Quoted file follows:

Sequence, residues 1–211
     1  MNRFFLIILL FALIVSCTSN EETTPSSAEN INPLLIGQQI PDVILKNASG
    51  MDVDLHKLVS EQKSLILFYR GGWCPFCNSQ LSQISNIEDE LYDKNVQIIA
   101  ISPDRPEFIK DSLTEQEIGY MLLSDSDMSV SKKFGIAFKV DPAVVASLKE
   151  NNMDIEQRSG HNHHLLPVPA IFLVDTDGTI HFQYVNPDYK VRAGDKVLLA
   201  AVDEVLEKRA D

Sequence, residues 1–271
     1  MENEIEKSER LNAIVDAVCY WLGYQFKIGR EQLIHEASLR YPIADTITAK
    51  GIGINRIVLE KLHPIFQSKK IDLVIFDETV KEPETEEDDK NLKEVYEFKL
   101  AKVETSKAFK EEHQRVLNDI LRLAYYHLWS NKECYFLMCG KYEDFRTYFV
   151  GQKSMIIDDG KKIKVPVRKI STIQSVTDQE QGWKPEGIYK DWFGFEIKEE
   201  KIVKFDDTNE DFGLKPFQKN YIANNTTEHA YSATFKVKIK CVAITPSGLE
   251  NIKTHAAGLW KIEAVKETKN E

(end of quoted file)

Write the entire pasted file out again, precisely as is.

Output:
Sequence, residues 1–211
     1  MNRFFLIILL FALIVSCTSN EETTPSSAEN INPLLIGQQI PDVILKNASG
    51  MDVDLHKLVS EQKSLILFYR GGWCPFCNSQ LSQISNIEDE LYDKNVQIIA
   101  ISPDRPEFIK DSLTEQEIGY MLLSDSDMSV SKKFGIAFKV DPAVVASLKE
   151  NNMDIEQRSG HNHHLLPVPA IFLVDTDGTI HFQYVNPDYK VRAGDKVLLA
   201  AVDEVLEKRA D

Sequence, residues 1–271
     1  MENEIEKSER LNAIVDAVCY WLGYQFKIGR EQLIHEASLR YPIADTITAK
    51  GIGINRIVLE KLHPIFQSKK IDLVIFDETV KEPETEEDDK NLKEVYEFKL
   101  AKVETSKAFK EEHQRVLNDI LRLAYYHLWS NKECYFLMCG KYEDFRTYFV
   151  GQKSMIIDDG KKIKVPVRKI STIQSVTDQE QGWKPEGIYK DWFGFEIKEE
   201  KIVKFDDTNE DFGLKPFQKN YIANNTTEHA YSATFKVKIK CVAITPSGLE
   251  NIKTHAAGLW KIEAVKETKN E